[Pharo-dev] Use #shouldnt:raise: only with specific errors, or evaluate the given expression directly

Camillo Bruni camillobruni at gmail.com
Tue Oct 22 04:02:52 EDT 2013

On 2013-10-22, at 09:46, Johan Brichau <johan at inceptive.be> wrote:
> In Seaside, there are a couple of tests that now fail because of this change.
> Although I agree it's good practice to use specific error classes in such assertions, the tests that are failing in Seaside use the Error class because they are written to be cross-platform. Different subclasses of Error will be thrown on different platforms. Moreover, the use of the assertion specifically documents that this test is testing for any errors being thrown. Removing the assertion means we need to write it down in comments, which is less explicit imho. 

That's not true, that is the default behavior that you test for not Errors.
I mean every code that is run must work and testing that it does not raise
and Error is duplicated efforts. As I said, checking for any other error makes
somehow sense, but not for Error itself. Because that basically means that you
ignore what the test does since you are not specific at all. The test framework
takes already care of that part, if you have an error the test fails. I think
that is the goal. I do not understand why you would have to explain this to the
user of the tests, since for him the result does not change. Yes it is red 
instead of yellow, but does that matter? I mean you just transformed at will an
error into an assertion failure, to me this sounds very bogus. Just because you
transform the error to an assertion, you did not anticipated anything, since you
cannot be sure at all where the error happened, since you do not test for an
explicit error. On the other hand if you call a method that is very small to check
if it really works, you know which errors are signaled and you test explicitly
for those.

I think I can come up with a tree transformation rule to go from #shouldnt:raise:Error
to a refactored version that even includes a comment.

> I'm not in favour of enforcing best practices this way. It just yields more workarounds in the end.
> I also do not understand the problem with debugging the test. If the test fails, you step through it and will discover the cause.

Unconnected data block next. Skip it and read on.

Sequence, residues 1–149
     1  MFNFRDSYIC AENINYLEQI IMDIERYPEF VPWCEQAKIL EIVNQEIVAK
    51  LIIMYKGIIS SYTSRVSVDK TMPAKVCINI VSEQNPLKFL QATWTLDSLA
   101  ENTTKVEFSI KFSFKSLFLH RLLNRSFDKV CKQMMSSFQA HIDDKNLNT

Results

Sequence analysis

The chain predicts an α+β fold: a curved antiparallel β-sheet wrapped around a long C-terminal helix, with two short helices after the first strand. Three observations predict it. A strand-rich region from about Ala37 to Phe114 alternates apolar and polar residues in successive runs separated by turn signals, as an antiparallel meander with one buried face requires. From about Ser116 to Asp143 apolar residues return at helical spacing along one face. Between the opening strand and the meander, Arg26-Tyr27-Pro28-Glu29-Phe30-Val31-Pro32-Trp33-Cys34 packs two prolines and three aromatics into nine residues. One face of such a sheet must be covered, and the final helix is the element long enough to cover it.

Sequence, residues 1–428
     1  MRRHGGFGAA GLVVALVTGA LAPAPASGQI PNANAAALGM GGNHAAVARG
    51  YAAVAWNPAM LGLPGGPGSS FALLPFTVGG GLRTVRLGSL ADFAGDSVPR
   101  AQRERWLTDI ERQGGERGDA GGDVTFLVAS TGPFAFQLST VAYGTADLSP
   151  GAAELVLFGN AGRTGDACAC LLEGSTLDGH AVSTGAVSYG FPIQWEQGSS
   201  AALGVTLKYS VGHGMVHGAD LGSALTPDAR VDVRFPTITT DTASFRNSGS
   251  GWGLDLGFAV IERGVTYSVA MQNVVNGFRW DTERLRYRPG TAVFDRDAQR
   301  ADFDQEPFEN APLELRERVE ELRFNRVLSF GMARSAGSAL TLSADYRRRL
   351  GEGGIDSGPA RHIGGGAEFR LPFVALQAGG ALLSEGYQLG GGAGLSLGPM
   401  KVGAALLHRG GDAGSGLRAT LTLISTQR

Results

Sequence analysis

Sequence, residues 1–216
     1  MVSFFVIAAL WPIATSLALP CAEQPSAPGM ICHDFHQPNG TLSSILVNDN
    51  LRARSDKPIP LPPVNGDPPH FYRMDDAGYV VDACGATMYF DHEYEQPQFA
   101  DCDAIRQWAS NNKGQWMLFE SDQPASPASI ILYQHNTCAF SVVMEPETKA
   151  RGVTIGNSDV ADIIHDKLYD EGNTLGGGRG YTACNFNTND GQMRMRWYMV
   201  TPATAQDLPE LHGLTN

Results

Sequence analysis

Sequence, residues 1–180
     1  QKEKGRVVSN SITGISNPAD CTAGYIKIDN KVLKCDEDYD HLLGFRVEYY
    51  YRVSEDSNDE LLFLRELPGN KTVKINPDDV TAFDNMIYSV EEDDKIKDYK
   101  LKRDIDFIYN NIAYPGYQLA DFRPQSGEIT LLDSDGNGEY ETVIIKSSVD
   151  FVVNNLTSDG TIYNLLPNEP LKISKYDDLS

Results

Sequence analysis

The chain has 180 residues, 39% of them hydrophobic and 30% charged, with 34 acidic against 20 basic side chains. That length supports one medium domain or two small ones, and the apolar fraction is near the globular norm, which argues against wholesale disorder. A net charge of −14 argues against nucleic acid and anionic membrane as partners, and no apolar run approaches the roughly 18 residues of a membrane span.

But if you just use the expression directly, the debugger pops up in the place where
the error was signaled. Not somewhere in deep in the assertion framework. Furthermore
if you run the test under jenkins you will get no reasonable feedback (yes this should
be changed as well). Just try to debug the following statement in a test:

	self shouldnt: [ 0/0 ] raise: Error


Of course we can change it back at some point, but I haven't heard a solid reason in favor of shouldnt:raise:Error.

> Johan
> On 22 Oct 2013, at 00:26, Camillo Bruni <camillobruni at gmail.com> wrote:
>> On 2013-10-22, at 00:20, Alexandre Bergel <alexandre.bergel at me.com> wrote:
>>> Instead of using shouldnt:raise:, you can simply remove the assertion, as in:
>>> -=-=-=-=-=-=-=-=-=
>>> testNoErrorWhenDrawing
>>> 	self shouldnt: [ view raw drawOn: tracingCanvas ] raise: Error
>>> -=-=-=-=-=-=-=-=-=
>>> ||
>>> V
>>> -=-=-=-=-=-=-=-=-=
>>> testNoErrorWhenDrawing
>>> 	view raw drawOn: tracingCanvas
>>> -=-=-=-=-=-=-=-=-=
>>> With the second version of the test, the test may be listed as an error in case of an exception, whereas the first version it can only be listed as a failure.
>> Right, but that doesn't make any difference IMO, using `shouldnt: [...] raise: Error` to not have errors
>> does not make much sense. It makes a little bit more sense when using a specific Error, and it
>> makes sense when testing for Notifications, which would go otherwise unnoticed.
>> Which is the reason that `#shouldnt:raise:` no longer accepts `Error` as an argument, but still lets
>> you use anything else.
>>> I read your post and I kind of agree.
>>> I will fix my tests then.
>> nice :)

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